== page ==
A: If the martyr did not leave any property, it is not obligatory on anyone to act upon the will. However, it is obligatory on the eldest son, among his children, to perform the missed prayer and fasting on behalf of his father when he reaches the age of shar‘ī puberty. If the deceased left behind an estate, one third of it should be spent in the avenues he prescribed. The need of the inheritors, and the fact that they are still young, are not shar‘ī reasons for not complying with the will.
Q1828: In order for the will to be valid, should its named beneficiary exist at the time of writing it?
A: In order for the will to be valid insofar as the transfer of property [from the testator to the beneficiary] is concerned, the beneficiary should exist, even if it is an unborn fetus, even before the stage of ensoulment so long as it will be born alive.
Q1829. In a written will, a person appointed an executor to enforce his will. He appointed another person to act as an overseer, without specifying the boundaries of his authority. What should the boundaries of the authority of this supervisor be?
A: Assuming that the power given to the executor in the will is absolute, it is not obligatory on the executor to consult the overseer in any matter, although it is closer to caution. However, the overseer’s role is to supervise the work of the executor.
Q1830: In his will, the deceased appointed me as the supervisor and his son as the executor of his will. Since the death of the son, I have become the only administrator of the will. However, for personal reasons, I have become increasingly busy, so much so that I hardly have time to attend to matters relating to the will. Is it permissible for me to change the areas in which the returns of one-third of the estate is going to be spent by giving them to a certain department to spend the income in charitable causes and for the poor and the needy registered by that department?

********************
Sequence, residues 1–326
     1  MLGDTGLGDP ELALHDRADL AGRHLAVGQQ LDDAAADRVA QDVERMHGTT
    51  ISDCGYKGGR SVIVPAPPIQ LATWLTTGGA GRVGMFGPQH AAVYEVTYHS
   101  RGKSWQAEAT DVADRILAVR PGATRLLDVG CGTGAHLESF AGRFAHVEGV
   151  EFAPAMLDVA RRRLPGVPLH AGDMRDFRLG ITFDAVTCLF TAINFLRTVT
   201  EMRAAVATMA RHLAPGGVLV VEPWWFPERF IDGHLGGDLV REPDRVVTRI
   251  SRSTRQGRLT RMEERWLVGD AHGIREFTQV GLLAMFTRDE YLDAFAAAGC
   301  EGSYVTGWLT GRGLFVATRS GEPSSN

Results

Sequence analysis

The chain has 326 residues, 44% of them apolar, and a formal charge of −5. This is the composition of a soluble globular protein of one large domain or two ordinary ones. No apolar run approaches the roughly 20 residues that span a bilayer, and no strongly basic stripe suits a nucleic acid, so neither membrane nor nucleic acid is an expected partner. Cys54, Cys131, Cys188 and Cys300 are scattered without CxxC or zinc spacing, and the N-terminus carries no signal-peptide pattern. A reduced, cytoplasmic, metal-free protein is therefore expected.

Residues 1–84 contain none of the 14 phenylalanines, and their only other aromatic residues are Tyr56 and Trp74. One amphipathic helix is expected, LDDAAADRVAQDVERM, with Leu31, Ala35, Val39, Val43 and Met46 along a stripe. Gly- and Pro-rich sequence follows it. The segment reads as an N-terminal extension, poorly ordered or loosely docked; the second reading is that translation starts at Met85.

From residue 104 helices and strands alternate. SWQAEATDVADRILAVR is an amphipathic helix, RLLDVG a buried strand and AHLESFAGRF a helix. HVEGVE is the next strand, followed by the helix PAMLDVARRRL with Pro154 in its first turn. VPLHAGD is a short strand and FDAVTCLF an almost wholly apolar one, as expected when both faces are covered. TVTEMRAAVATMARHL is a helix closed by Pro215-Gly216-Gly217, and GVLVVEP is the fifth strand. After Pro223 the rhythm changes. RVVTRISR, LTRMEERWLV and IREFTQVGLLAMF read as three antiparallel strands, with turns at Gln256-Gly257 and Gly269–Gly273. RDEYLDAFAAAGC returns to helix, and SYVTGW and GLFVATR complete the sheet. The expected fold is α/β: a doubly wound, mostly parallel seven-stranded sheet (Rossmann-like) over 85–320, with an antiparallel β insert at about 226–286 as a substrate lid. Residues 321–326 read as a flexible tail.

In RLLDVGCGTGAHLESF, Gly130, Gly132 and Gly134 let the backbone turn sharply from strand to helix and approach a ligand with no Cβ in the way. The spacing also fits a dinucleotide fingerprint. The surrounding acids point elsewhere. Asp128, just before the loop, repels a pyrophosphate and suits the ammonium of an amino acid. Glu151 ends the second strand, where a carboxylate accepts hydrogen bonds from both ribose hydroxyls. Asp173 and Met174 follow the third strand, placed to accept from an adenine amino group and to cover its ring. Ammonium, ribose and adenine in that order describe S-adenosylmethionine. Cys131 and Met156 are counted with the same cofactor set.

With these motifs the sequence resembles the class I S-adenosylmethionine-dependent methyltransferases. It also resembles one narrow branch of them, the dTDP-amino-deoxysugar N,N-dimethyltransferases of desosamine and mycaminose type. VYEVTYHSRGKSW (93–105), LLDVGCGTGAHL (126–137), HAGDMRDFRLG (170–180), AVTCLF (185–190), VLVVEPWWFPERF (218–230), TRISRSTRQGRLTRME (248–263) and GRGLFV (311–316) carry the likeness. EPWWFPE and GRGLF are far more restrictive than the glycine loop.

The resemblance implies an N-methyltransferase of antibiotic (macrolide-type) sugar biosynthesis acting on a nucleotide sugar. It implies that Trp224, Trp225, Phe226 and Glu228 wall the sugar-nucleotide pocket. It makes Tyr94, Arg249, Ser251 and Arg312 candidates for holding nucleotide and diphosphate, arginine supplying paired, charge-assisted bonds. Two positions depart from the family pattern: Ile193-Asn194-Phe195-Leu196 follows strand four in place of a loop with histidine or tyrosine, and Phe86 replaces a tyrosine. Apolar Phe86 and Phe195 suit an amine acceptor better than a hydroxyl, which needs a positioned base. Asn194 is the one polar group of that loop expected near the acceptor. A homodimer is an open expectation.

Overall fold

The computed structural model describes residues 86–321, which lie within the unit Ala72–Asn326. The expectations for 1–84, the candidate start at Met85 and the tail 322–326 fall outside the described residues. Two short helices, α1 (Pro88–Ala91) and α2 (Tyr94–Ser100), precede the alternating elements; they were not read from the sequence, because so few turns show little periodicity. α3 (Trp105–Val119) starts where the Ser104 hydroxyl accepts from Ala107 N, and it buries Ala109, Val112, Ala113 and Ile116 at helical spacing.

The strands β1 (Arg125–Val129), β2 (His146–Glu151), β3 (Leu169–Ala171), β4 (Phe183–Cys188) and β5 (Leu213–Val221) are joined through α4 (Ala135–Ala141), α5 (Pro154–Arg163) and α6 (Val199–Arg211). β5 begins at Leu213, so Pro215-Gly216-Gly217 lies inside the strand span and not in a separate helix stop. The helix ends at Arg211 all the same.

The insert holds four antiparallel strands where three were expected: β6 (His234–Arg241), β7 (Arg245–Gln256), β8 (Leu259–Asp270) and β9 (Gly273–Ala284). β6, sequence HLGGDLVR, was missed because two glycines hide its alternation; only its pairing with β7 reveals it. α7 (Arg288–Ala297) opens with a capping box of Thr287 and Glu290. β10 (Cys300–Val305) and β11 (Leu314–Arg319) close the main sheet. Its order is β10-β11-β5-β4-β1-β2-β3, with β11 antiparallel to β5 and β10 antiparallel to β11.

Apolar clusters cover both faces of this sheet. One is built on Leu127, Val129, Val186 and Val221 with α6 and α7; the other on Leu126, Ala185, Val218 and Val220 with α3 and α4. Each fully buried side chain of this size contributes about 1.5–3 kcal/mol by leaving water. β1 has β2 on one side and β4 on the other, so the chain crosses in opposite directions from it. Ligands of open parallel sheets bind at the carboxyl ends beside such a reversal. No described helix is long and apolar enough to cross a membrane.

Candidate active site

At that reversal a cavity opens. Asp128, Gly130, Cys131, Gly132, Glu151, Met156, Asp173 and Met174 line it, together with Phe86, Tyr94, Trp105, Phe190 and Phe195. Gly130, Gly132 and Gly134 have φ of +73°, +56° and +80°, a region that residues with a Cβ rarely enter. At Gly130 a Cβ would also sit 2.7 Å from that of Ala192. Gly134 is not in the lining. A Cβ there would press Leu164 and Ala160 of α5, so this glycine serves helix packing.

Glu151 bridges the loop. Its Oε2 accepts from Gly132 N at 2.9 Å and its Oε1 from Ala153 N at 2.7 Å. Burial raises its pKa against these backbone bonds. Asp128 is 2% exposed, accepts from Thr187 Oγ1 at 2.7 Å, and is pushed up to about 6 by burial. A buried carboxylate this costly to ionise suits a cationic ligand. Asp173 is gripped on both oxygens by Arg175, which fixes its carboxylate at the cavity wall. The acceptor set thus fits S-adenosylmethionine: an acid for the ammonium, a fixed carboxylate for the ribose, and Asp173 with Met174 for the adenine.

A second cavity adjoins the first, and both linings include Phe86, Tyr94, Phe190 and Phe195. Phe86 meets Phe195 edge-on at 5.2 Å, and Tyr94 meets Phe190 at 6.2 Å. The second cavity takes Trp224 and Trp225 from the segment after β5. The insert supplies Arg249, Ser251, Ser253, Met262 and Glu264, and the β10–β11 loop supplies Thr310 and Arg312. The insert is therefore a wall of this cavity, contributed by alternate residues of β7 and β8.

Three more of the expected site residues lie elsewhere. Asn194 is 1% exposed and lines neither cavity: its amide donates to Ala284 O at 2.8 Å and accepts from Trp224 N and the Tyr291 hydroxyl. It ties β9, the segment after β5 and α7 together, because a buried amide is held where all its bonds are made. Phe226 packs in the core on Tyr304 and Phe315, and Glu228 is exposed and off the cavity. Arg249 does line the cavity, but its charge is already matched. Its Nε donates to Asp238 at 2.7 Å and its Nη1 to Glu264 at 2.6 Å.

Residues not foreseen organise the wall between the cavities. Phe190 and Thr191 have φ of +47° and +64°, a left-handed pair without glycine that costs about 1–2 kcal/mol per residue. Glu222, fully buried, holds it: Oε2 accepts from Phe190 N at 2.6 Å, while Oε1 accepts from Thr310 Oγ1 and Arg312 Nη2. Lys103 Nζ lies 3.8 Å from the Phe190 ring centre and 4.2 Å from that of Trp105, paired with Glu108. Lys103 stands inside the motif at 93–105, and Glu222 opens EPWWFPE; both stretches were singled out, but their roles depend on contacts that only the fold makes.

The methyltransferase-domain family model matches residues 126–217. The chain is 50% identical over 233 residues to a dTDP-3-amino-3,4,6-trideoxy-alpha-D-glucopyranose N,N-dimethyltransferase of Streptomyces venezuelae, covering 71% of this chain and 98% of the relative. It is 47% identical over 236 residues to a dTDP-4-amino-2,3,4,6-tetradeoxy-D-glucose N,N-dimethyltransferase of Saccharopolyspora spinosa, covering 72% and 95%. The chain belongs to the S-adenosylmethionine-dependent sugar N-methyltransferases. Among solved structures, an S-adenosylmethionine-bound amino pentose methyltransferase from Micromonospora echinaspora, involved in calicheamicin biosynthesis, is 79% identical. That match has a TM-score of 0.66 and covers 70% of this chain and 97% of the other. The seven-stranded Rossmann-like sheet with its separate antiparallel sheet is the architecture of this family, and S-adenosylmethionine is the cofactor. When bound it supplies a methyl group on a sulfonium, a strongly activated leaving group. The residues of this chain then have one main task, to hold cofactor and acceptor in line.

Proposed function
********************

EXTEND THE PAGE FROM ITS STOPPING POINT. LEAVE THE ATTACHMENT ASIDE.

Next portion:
A: The supervisor has no right to independently implement the provisions stipulated by the deceased in the will, even after the first executor’s death, unless he becomes the executor after the death of the first executor as provided for in the will. Otherwise, the supervisor should resort to the authorized religious authority with a view to appointing someone else to replace the dead executor. At any rate, it is not permissible to encroach upon the will of the deceased or alter it in any way.
Q1831: Someone has instructed in his will that they pay a sum of his money to someone else to recite verses of the Noble Qur’an in the Eminent City of Najaf or he endowed a property for the same purpose. The executor of the will or the person in charge of the endowment cannot [for reasons beyond their control] send the money to Najaf to hire someone to do so. What should they do?
A: If it is feasible to spend the money for the recitation of the Noble Qur’an in the Eminent City of Najaf, albeit in the near future, it is obligatory to execute the will.
Q1832: Prior to her death, my mother instructed me to spend the proceeds from the sale of her jewelry in charitable avenues on Thursday nights. I have done so ever since her death. What should I do in the event of traveling to a non-Muslim country?
A: Unless it is known that her intention was to spend the money on Muslims and non-Muslims alike, the spending should be confined to the Muslims only, albeit by depositing the money with a trusted person in a Muslim country to spend it for Muslims.
Q1833: In his will, a person has instructed that parts of his land should be sold and the proceeds spent in holding memorial services and other charitable causes. The sale of the land to a third party would put the inheritors in an unbearable situation. So, is it permissible for them to buy the land for themselves and pay for it by installments whereby they can spend the money in the avenues the testator had named with the knowledge of both the executor and the supervisor?
A: In itself, there is no objection to the buying of the land by the inheritors themselves. As for paying for it by installments, there is no harm in that provided that an equitable price is paid for the land, that both the executor and the trustee see that an interest is served [in this way], and that the installments are not going to be a hindrance to the [smooth and timely] execution of the will. All of this, though, is dependent on the knowledge that the intention of the testator was not the selling of the land for cash and spending the proceeds in the first year.